Bulk carriers return to turbulent seas
The Baltic Dry Index plummeted 94 per cent over six heart-stopping months in 2008 and the world seemed irretrievably bleak for global shipping. The industry may have rebounded of late, but the message from analysts is clear: treat the recovery with caution. At one level, shipping rates are behaving as the market might expect, reflecting the revival in global trade and China"s appetite for commodities. Freight rates have risen, although they are still only a fraction of their all-time high two years ago. Containership rates have rebounded on Asia-Europe routes.
Furthermore, a drought in China means that it may have to import an extra 20 million tonnes of coal between April and June, causing dry-bulk rates ? those of single commodities carried in bulk, as opposed to those carried in separate containers ? to surge.
Meanwhile, Cosco, the giant Chinese shipping company, said last week that the supply of new containers, cut last year as demand slumped, was not enough to meet the needs of rebounding trade.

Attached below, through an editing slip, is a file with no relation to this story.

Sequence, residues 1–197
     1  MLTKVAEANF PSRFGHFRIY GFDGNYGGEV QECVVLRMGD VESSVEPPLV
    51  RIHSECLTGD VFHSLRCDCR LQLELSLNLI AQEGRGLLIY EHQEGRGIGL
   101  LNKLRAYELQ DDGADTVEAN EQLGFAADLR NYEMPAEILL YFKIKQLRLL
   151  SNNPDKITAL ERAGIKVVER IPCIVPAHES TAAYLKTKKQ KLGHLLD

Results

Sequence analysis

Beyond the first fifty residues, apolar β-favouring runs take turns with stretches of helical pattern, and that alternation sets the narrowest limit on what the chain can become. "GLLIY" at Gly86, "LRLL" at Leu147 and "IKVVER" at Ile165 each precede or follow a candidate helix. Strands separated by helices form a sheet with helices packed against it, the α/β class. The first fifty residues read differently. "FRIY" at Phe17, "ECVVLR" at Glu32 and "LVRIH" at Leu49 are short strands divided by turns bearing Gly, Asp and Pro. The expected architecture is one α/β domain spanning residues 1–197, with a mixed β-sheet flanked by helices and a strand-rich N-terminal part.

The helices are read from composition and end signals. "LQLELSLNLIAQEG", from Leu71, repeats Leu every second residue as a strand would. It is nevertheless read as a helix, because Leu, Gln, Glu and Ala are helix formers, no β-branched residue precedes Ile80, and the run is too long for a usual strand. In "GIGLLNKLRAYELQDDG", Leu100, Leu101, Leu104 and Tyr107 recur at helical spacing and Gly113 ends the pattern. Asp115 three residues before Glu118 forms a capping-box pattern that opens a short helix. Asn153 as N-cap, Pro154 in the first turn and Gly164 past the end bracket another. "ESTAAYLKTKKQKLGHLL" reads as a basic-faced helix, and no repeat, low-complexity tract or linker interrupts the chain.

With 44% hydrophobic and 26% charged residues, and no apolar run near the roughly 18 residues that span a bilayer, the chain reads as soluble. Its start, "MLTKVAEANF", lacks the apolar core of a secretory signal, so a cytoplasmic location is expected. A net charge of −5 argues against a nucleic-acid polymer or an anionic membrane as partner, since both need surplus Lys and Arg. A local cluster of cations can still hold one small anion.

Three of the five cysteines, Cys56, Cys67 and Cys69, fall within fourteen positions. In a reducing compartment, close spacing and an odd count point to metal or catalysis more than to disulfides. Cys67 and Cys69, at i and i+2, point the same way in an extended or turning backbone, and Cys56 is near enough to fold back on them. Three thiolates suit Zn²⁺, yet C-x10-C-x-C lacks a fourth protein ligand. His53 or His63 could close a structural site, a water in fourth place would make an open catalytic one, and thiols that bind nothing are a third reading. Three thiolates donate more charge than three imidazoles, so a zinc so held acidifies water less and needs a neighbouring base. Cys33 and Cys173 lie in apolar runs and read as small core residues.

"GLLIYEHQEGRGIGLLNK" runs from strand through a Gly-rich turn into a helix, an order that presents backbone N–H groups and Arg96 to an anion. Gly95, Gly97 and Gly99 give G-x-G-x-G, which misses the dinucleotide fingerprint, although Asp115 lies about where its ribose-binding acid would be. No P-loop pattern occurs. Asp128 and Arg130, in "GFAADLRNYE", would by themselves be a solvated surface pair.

But while some of the worst problems of the post-Lehman chaos have been resolved, others remain, not least a chronic oversupply of vessels. The financial crisis interrupted what remains the biggest spree of shipbuilding in history, with 1,487 vessels scheduled for delivery this year. Only last week, Mitsui O.S.K. Lines, of Japan, with an eye to the expanding markets of China and India, said that it would spend £10 billion expanding its fleet by 17 per cent over the next two years.
Some industry figures believe that more than 40 per cent of new dry-bulk carriers scheduled for delivery this year may be cancelled or delayed, but the new vessels finished last month are joining a worldwide fleet that remains in excess of present needs.